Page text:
Oxidation-reduction potentials of the hemes in cytochrome C3 from Desulfovibrio gigas in the presence and absence of ferredoxin by EPR spectroscopy, Xavier, A. V., Moura J. J., Legall J., and Dervartanian D. V. , Biochimie, Volume 61, Number 5-6, p.689-95, (1979) AbstractWebsite

1. Ferricytochrome c3 from D. gigas exhibits two low-spin ferric heme EPR resonances with gz-values at 2.959 and 2.853. Ferrocytochrome c3 is diamagnetic based on the absence of any EPR signals. 2. EPR potentiometric titrations result in the resolution of the two low-spin ferric heme resonances into two additional heme components representing in total the four hemes of the cytochrome, with EM values of -235 mV and -315 mV at heme resonance I and EM values of -235 mV and -306 mV at heme resonance II. 3. EPR spectroscopy has detected a significant diminution of intensity (approx. 60 p. 100) in the gx amplitude of ferricytochrome c3 in the presence of D. gigas ferredoxin II. The presence of ferredoxin II also causes a more negative shift in the EM of the second components of the signals at heme resonances I and II of cytochrome C3. Both observations suggest that an interaction has occurred between cytochrome C3 and ferredoxin II. 4. The results presented suggest that the heme ligand environment of ferricytochrome c3 from D. gigas is less perturbed and/or less asymmetric than environment for ferricytochrome c3 from D. vulgaris whose EPR behavior indicates the non-equivalence of all four hemes.

Oxidation-reduction studies of the Mo-(2Fe-2S) protein from Desulfovibrio gigas, Moura, J. J., Xavier A. V., Cammack R., Hall D. O., Bruschi M., and Legall J. , Biochem J, Aug 1, Volume 173, Number 2, p.419-25, (1978) AbstractWebsite

Potentiometric titration followed by e.p.r. measurements were used to determine the midpoint reduction potentials of the redox centres of a molybdenum-containing iron-sulphur protein previously isolated from Desulfovibrio gigas, a sulphate-reducing bacterium (Moura, Xavier, Bruschi, Le Gall, Hall & Cammack (1976) Biochem. Biophys. Res. Commun. 728 782-789; Moura, Xavier, Bruschi, Le Gall & Cabral (1977) J. Less Common Metals 54, 555-562). The iron-sulphur centres could readily be distinguished into three types by means of g values, temperature effect, oxidation-reduction potential values and reduction rates. The type-I Fe-S centres are observed at 77 K. They show mid-point potential values of -260mV (Fe-S type IA) and -440 mV (Fe-S type IB). Centres of types IA and IB appear to have similar spectra at 77 K and 24 K. The Fe-S type-II centres are only observed below 65 K and have a midpoint potential of -28mV. Long equilibration times (30 min) with dye mediators under reducing conditions were necessary to observe the very slow equilibrating molybdenum signals. The potential values associated with this signal were estimated to be approx. -415 mV for Mo(VI)/Mo(V) and-530mV for Mo(V)/Mo(IV).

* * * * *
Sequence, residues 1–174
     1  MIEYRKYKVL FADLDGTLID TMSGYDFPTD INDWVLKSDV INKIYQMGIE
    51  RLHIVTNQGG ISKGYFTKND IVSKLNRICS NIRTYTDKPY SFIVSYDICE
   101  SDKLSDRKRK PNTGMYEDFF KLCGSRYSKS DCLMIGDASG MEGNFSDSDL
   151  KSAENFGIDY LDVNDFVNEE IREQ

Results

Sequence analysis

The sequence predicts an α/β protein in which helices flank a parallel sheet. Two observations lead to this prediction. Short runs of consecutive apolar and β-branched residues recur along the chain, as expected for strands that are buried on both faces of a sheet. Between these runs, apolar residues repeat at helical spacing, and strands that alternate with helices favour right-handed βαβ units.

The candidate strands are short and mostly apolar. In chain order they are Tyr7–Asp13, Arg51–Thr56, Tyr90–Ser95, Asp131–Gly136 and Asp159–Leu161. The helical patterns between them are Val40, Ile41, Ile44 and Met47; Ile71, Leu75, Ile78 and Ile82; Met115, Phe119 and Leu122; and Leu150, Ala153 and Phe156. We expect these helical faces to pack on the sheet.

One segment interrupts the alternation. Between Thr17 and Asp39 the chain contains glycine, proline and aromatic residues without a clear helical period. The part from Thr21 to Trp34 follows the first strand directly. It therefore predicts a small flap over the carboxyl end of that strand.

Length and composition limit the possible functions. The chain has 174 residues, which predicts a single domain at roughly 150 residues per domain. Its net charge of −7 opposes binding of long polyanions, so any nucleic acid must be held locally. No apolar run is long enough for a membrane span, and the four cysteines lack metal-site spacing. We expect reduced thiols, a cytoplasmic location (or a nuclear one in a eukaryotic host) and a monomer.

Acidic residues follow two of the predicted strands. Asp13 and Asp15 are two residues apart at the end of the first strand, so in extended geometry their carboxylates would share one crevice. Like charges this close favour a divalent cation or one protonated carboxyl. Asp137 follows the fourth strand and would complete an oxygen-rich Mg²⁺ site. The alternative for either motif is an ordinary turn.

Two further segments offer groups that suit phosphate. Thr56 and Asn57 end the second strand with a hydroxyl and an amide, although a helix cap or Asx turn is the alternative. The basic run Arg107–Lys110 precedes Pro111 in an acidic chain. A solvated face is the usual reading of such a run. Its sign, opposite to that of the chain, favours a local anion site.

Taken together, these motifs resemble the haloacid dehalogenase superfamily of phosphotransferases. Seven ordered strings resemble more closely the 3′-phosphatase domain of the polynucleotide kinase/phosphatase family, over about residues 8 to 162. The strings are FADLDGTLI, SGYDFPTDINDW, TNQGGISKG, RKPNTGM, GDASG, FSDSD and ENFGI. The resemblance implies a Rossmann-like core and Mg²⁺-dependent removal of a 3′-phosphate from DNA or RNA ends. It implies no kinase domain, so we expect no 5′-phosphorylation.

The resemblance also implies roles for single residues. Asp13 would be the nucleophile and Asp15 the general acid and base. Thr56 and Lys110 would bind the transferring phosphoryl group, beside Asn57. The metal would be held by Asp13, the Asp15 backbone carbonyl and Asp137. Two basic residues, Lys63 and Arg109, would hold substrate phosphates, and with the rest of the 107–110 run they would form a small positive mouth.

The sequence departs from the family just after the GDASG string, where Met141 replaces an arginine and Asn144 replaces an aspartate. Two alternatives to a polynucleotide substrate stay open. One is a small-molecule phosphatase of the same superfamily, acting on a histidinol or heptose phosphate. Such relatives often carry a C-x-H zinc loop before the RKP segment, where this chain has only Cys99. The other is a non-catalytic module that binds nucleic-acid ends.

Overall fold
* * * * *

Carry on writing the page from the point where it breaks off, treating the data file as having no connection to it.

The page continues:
Oxovanadium(IV) and amino acids—VI. The systems glycylglycine and glycylglycylglycine + VO2+; a potentiometric and spectroscopic study, Pessoa, Costa J., Luz S. M., Duarte R., Moura J. J. G., and Gillard R. D. , Polyhedron, Volume 12, Number 23, p.2857-2867, (1993) AbstractWebsite
Oxovanadium(IV) complexes of the dipeptides glycyl-L-aspartic acid, L-aspartylglycine and related ligands; a spectroscopic and potentiometric study, Pessoa, J. C., Gajda T., Gillard R. D., Kiss T., Luz S. M., Moura J. J. G., Tomaz I., Telo J. P., and Torok I. , Journal of the Chemical Society-Dalton Transactions, Nov 7, Number 21, p.3587-3600, (1998) AbstractWebsite

The equilibria in the systems VO2+ + L (L = Gly-L-Asp, L-Asp-Gly, N-acetyl-L-aspartic acid or succinic acid) have been studied at 25 degrees C and 0.2 mol dm(3) K(CI) medium by a combination of potentiometric and spectroscopic methods (ESR, circular dichroism and visible absorption). Formation constants were calculated from pH-metric data with total oxovanadium(Iv) concentrations of(0.6-4) x 10(-3) mol dm(-3) and ligand-to-metal (L:M) ratios of 2-8 (AspGly) or 4-15: 1 (other systems). The position of the Asp residue in the peptide chain affects the co-ordination mode of the ligands: while in the GlyAsp system bis complexes start to form at pH less than 2, for AspGly only 1 : 1 complexes form, with relatively high CD signal. The co-ordination behaviour of N-acetyl-L-aspartic and succinic acids is similar. The results of potentiometric and spectroscopic methods are self consistent. Isomeric structures are discussed for each stoichiometry proposed and the results compared with those for L-aspartic acid and dipeptides with non-coordinating side chains.